A photo buyer calls for a picture of pigs. It could be about anything. A hundred responses go online and one lucky so-and-so gets the sale. That's 99 pictures deemed to be second, and that's no good in any race.
So, what is it about that winning picture that produced a sale? It may good lighting, it may be striking content... but hey, all the pictures submitted were about the same topic, so eliminate that one. Let's face it, there could be a million reasons for the selection of that winner, but there isn't!!
The winning shot is unusual. It's different from the rest. It's got something the others just don't have. It's got oomph. It's got pizzazz. Call it what you will' it's got that winning streak that just knocks spots of the competition. It has? Well what the heck is it? Tell me, and we'll bottle it.
It might be stunning exposure. Well it might. That certainly helps. In fact, exposure IS a factor, it must be spot on. However, that's not the killer factor. Picture researchers, editors and publishers don't set out to look for stunning exposures. No. That's not it. There is something else, an elusive factor that underpins every sellable photo. It's not something you can find by playing blind man's bluff either. If you want to sell photos You have to recognize it, pursue it, capture it, master it and make it work for you.
It there for all to see in practically every photo that sells and yet most people and even many photographers just don't see it. How can something so obvious be invisible to a creative eye? It's a mystery. I don't understand it. When I look at the range of submissions for any photo request, my heart sinks. Most photos betray a complete absence of this elusive essential quality. They are duff!
Shots taken so far away from the subject that life-size objects are mere pimples. Boring views that have 5% coverage of the intended and desired theme. Constant repetition of the same unimaginative angle. Yes, you've guessed it. I'm talking about composition.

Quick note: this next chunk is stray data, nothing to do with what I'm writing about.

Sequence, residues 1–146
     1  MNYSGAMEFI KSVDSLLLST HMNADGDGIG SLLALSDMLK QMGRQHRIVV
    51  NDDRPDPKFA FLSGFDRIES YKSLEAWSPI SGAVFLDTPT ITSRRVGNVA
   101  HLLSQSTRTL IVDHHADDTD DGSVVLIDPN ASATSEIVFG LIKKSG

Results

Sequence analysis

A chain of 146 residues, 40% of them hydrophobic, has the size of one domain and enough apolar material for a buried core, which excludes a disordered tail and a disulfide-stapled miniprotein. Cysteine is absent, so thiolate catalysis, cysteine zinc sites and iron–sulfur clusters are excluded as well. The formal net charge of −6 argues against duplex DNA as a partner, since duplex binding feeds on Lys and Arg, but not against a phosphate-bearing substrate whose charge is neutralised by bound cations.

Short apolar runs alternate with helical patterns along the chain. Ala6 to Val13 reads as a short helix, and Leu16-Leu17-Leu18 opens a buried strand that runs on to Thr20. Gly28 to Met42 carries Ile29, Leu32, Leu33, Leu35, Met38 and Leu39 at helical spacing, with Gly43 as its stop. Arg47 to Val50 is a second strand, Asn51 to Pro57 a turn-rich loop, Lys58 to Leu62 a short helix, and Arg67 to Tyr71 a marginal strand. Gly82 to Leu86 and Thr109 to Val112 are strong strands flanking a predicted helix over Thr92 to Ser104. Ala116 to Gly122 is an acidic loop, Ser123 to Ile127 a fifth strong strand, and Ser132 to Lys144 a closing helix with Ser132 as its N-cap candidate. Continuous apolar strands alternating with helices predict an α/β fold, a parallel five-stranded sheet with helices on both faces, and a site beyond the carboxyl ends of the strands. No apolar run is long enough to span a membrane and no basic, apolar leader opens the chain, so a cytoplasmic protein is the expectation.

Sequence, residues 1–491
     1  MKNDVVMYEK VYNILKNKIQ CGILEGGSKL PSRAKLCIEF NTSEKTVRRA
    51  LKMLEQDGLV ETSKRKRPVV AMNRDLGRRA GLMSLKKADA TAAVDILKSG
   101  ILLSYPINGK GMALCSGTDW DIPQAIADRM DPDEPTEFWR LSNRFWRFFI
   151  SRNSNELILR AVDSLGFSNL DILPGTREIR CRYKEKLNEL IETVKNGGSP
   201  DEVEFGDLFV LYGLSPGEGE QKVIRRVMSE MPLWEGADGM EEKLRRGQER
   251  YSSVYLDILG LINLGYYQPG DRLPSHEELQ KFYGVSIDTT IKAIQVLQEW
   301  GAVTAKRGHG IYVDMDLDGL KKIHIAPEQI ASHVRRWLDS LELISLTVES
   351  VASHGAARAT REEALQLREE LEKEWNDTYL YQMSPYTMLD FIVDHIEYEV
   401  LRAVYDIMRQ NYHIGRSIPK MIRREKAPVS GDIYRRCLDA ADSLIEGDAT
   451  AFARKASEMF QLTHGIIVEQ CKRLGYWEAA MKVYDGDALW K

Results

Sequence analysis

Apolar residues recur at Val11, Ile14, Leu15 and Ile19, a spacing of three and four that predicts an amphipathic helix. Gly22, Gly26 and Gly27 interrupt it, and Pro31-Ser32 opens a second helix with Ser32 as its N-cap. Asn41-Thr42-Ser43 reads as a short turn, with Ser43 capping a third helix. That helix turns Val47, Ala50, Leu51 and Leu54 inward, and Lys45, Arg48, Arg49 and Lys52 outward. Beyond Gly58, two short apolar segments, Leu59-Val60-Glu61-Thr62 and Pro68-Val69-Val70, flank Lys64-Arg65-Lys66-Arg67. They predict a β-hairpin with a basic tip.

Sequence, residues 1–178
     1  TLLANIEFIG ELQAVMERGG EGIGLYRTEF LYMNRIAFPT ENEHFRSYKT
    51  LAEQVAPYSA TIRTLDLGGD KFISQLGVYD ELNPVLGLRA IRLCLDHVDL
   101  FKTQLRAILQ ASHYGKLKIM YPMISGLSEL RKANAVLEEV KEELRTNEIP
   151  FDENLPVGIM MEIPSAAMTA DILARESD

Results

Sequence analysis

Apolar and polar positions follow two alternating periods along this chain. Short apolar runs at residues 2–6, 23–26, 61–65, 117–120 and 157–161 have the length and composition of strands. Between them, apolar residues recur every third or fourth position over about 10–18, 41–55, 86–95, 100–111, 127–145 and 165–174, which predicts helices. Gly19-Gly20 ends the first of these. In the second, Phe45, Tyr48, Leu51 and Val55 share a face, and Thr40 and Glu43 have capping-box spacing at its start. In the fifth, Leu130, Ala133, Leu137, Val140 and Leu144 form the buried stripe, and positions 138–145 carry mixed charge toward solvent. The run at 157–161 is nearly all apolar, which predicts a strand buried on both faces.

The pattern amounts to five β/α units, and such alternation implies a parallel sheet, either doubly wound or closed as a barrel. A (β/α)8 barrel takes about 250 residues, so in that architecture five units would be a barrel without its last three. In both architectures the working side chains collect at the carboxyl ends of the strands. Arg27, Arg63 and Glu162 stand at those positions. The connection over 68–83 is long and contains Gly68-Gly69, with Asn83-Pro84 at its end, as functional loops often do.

If you want to sell photos, for pity's sake THINK about what you shoot. The first angle of view MAY be the best one, but I doubt it. The old gunfighter adage ..no matter how fast your are...seems to apply to photography also.
Stalk around your intended subject, look at it from all angles, make mental photos before committing one to film or digital memory, as the case may be. Don't TAKE pictures MAKE them. Fill the screen with powerful compelling artwork. Look for interesting shapes, textures, colours in the most fascinating combination possible, given the lighting conditions and your time constraints.
How you compose your photo says everything about you, so train your eye and mind to maximise your artistic ability. When you shoot in pursuit of beauty, you fulfil yourself. When called upon to make pictures of mundane everyday scenes, you will bring a eagle eye to scour the most pleasing elements of vision and combine them in a most powerful way. You will always be an unpredictable photographer who can capture unusual shots.
Shed the snakeskin of normality and kick out the usual suspects in favour of the racy, the dangerous, the exciting and discover how to enjoy your using your camera, finding the unusual angles and great whacking compositions that draw photo-buyers to you like flies to a honey pot.
You just can't achieve that by shooting the same stuff as the average Joe. Be a special Joe! Be successful and you'll sell your photos with ease.
About The Author
One of a series of articles by Robert Hartness, successful freelance and author of an hot-linked, flip-over, e-book, published on the web in October 2004. It offers a step-by-step guide to those on the threshold of freelance photography and is illustrated with 40+ published photographs. Acclaimed as a great reference source for serious freelancers. More information and order link - http://www.cashfromyourcamera.com